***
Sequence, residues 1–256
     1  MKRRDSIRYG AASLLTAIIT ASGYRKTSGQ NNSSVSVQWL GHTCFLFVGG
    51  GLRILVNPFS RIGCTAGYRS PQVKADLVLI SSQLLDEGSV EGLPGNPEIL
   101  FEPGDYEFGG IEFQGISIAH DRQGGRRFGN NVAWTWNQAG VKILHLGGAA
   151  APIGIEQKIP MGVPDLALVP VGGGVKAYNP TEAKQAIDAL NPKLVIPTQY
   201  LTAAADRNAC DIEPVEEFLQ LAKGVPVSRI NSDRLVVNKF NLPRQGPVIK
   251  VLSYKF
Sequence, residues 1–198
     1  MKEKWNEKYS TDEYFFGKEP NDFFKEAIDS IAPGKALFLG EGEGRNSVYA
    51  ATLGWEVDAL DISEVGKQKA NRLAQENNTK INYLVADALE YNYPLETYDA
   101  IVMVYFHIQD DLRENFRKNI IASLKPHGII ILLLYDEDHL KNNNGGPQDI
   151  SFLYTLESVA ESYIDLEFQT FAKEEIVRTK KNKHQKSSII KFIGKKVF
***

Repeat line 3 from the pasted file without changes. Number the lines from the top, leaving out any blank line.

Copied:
    51  GLRILVNPFS RIGCTAGYRS PQVKADLVLI SSQLLDEGSV EGLPGNPEIL